World’s Largest Luxury Company Embarks on Recruiting Drive at HEC Paris
It is a short hop, skip and jump from LVMH on Avenue Hoche, central Paris, to the HEC campus at Jouy-en-Josas. So it seemed logical that the conglomerate, home to 70 high-quality luxury brands, start a nine-stop national recruiting campaign with an afternoon exchange involving 250 of the business school’s students.
Thursday October 27 thus saw lively exchanges over career opportunities between students and recruiters from the group’s Maisons - brands such as Louis Vuitton, Kenzo, Givenchy and Moët & Chandon. In parallel, three workshops, centered on Dior’s marketing, Vuitton’s finance and the retail work of LVMH Fragrance Brands, gave a rare insight into the group’s day-to-day business. The day climaxed with a closing masterclass by the company’s Chief financial officer Jean-Jacques Guiony on creating value in the luxury sector.
“There are five essential elements in value,” explained the company executive, a 1984 HEC graduate himself: “quality, functionality, design, the strength of the brand and the client’s experience.” Guiony pursued: “The creation of value is thus at the heart of the development model used by LVMH.”
The four-hour event marked just over a year since HEC Paris and LVMH created the “General Management and Retail Excellence” Chair. Since the September 2015 accord between the two institutions, HEC Paris staff have been guiding students in the management of such top-end luxury Maisons. Professor Anne Michaud holds the Chair at HEC Paris and helped organize the exchange. “Both HEC and LVMH are very focused on excellence,” she explained. “LVMH needs international talents inside its business. Here, we offer a pool of the sharpest cosmopolitan minds.”
LVMH recruiter Sarah D’Alfonso believes it is a shared passion for the luxury sector which drives the collaboration with HEC Paris. “We are looking for creative and professional excellence to share with a clientele from all parts of the world. You only have to look at the candidates here to see that we share a common global vision.”
“I take back a lot of energy, especially in the Question & Answer sessions,” commented Alexandra Sighele, brand manager for Dior Perfume Skin Care. The 2008 HEC graduate insisted on how the business school has become a global hub in the past eight years. “There are so many more students from Asia and elsewhere, they outnumbered their French counterparts today,” she insisted. “It’s just the profile for us. They showed a sharp strategic analysis and could decode the communications campaign we’ve elaborated for Dior Prestige.”
Sustainability and environmental issues
The European luxury goods conglomerate celebrated its 29th birthday in 2016. With over 3,700 shops in 70 countries, LVMH continues to dominate its sector with products as diverse as Hennessy cognac, the French daily Les Echos and Bulgari jewelry.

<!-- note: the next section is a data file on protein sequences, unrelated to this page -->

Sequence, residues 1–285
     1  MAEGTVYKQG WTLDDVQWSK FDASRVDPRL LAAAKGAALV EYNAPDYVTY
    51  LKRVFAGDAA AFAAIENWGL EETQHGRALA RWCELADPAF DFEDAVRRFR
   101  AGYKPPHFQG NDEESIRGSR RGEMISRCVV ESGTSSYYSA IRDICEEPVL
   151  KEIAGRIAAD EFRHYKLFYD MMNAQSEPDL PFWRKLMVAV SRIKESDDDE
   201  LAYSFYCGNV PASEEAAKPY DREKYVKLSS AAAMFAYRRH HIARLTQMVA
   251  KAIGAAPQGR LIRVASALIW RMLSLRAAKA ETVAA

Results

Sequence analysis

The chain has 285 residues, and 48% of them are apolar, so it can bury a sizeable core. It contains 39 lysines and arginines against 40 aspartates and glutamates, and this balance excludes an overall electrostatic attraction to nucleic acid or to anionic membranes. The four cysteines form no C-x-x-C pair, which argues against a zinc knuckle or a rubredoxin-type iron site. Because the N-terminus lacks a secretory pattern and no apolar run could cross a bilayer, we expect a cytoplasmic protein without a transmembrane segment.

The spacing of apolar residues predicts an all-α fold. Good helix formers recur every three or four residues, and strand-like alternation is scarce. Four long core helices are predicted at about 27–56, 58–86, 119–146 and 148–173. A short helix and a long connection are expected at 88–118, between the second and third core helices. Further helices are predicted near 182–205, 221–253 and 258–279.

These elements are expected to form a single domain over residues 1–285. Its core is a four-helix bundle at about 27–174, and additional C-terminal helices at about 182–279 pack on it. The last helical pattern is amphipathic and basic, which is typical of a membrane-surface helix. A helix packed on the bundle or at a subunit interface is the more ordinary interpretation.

At Thursday’s event, HEC students did bring up concerns over sustainability and environment. Molly Minton is an American student in the MSc Sustainability and Social Innovation program: “I believe sustainability is the future in the luxury business,” she insisted, “LVMH are doing unique things in this sector, with overall compliance, ensuring (their) factories are working ethically and abiding by international human rights concerns.”
A belief Prof. Michaud shared: “This is a key factor because business is affected by reputation, they can’t do without a good one.” The specialist in luxury goods linked the need for ethical rigor with a more general demand for the highest standards which, she said, is at the heart of the HEC-LVMH partnership: “Luxury clients think it is the business of perfection, it should be perfection in everything, including sustainability.”
Looking to the Far East
Meanwhile, much of the immediate focus for the European multinational conglomerate remains the Far East. As Sighele pointed out during her exchange with HEC students, its skin whitening cream Dior Snow, for example, is one of several products focusing exclusively on the Asian market. “Over 30 percent of my turnover is in China, our top destiny,” she said. “Our typical Prestige client is Chinese, urban, 37 years old, ultra-connected, with an average of 1,400 euros a year to spend on Dior products.”
Overall, the group, with its 2,400 shops worldwide, enjoyed sustained growth last year as profits leapt by 16 percent to 6.6 billion euros. Progress which made their visit to the campus all the more enticing for students. The recruitment drive was followed by “Inside LVMH”, a one-day course on November 22 where over 200 students were picked from 20 of Europe’s top institutions (including HEC Paris, Saint Martins, Luigi Bocconi and Polytechnique).
This rewarded the winners of a competition on the challenges of innovation in the luxury sector. They were invited to discover the world’s number one luxury company, 16 of its Maisons and the Louis Vuitton Foundation. “Innovation is all about having a revolutionary ambition and sticking to it,” said Bernard Arnault, quoted in Le Figaro, in concluding the day’s induction. The LVMH CEO told the future leaders in the luxury sector that the key factors to success were a “start-up attitude”, creativity and determination.